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Remember the entrance door to the sanctuary is inside you.
Every moment and every event of every man’s life on earth
plants something in his soul.
— Thomas Merton
Contemplation, very simply, is living with awareness and being fully awake to what is happening around us as we live each day. It is to be attentive to the present moment of life as it is unfolding both before us and within us. It is to meet the moment as if we are meeting it for the first time, for, in truth, that is exactly what is happening. We are meeting the present moment as a totally new event. If we assume that every day is a repetition of outer activity, we miss the more subtle things that are happening. If whatever we do is all about ourselves and only what we are thinking and feeling and doing, then we will miss the possibilities of what is going on all around us. If we only listen to the churning thoughts of our rational minds, we will miss the inner truth arising within our hearts. The heart never sleeps. It harbors an inner light, a centering peace, and in a sense, keeps a vigil of love within us. We need to cultivate a sacred attentiveness to our hearts. Contemplation is that deep kind of listening.
It is also a way of being open to feel and experience life as fully as possible. Hopefully, we are able to put aside our preconceived ideas, to quiet whatever prejudices we might feel, and to let go of our angers and opinions long enough to meet each moment as a new opportunity to listen, to hear a new perspective, to be open to new meaning beyond what we already know and feel.
We give presence to the day, to the people we meet, and when we do this, we are much more likely to discover who they really are, and to hear what they are really feeling. We become better listeners to whatever it is they have to share with us. The same is true in listening to ourselves. We may be content with what we believe, but life invites us to new levels of belief and deepens our feelings at every turn. We learn the generosity of God in developing our inclusiveness to be present to what others feel as well as ourselves. Contemplation is a deepening of this grace.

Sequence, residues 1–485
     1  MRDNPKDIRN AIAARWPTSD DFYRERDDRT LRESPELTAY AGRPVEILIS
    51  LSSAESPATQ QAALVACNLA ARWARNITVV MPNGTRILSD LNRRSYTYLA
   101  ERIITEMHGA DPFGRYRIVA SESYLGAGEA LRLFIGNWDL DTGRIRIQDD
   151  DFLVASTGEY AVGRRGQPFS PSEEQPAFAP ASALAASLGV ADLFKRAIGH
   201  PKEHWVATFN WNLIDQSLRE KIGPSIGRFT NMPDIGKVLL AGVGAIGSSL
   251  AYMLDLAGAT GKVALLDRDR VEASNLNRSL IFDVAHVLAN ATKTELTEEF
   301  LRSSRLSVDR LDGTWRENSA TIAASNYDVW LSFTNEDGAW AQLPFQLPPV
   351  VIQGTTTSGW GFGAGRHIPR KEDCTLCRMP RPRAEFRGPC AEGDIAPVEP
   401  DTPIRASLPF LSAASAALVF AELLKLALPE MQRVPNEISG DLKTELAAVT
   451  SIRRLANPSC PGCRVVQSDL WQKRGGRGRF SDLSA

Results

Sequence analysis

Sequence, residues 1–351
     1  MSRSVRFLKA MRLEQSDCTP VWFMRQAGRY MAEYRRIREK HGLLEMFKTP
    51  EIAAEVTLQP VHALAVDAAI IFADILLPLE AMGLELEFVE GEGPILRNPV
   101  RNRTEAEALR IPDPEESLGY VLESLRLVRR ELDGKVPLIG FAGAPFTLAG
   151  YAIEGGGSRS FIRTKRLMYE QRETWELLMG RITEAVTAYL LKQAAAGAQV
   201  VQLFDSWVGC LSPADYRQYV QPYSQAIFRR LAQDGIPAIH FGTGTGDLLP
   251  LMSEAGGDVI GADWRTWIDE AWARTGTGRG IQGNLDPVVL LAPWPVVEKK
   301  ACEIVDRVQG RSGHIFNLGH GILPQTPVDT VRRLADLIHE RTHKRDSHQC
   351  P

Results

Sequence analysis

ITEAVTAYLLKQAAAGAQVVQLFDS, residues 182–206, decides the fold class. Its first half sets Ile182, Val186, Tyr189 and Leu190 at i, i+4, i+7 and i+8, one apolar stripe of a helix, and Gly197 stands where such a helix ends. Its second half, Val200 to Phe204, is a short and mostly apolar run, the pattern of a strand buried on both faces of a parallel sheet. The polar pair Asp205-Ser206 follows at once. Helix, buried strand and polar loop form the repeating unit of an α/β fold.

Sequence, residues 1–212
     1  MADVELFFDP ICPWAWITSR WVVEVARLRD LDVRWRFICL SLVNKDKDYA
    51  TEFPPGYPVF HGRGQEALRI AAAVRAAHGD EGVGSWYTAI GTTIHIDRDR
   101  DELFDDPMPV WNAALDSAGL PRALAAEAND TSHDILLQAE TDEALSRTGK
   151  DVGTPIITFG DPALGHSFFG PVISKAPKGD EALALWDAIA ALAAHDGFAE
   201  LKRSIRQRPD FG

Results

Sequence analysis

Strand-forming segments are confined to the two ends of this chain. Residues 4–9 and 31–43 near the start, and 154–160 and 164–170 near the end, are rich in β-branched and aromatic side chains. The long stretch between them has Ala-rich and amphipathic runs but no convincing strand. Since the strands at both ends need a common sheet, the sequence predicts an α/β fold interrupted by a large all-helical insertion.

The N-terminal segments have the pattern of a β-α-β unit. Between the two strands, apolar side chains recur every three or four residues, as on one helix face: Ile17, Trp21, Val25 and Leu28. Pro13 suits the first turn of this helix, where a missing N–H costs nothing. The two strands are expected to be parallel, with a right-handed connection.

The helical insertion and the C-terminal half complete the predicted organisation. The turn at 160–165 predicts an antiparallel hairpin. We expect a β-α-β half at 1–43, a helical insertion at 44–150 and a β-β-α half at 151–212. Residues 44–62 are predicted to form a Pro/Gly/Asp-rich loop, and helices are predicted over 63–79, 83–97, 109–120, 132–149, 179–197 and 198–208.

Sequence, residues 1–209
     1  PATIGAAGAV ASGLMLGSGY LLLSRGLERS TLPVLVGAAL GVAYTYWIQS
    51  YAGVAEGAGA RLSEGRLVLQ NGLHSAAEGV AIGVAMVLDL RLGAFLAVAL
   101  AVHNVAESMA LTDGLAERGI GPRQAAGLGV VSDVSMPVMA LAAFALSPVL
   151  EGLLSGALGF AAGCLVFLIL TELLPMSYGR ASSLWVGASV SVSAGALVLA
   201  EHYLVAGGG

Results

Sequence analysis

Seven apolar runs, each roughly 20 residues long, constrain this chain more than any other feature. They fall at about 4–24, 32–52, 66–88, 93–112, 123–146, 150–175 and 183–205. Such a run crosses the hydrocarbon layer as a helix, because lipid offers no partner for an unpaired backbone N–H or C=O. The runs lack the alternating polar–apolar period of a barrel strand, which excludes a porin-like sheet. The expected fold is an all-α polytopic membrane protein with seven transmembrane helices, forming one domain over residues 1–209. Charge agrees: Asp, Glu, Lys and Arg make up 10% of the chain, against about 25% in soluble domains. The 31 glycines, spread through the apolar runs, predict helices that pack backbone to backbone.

In holy scripture, when something significant was happening and there were many reactions of those around the event, it is said of Mary, the mother of Jesus, “that she pondered all these things in her heart.” (Luke 2:19) To many, Mary is the ultimate contemplative. She is the model for those who form groups for the purpose of meditating on the deeper messages of the holy scriptures. Instead of reacting emotionally to the moment, Mary quietly observed what was happening, listened closely to what was said, and she pondered and explored the deeper meaning of them all in her heart. She considered them with love.
This is the beauty of contemplation for me. When we bring the presence of love to life’s experiences and to the people in our lives, we begin to recognize how transforming the energy of love can be in the way we treat others.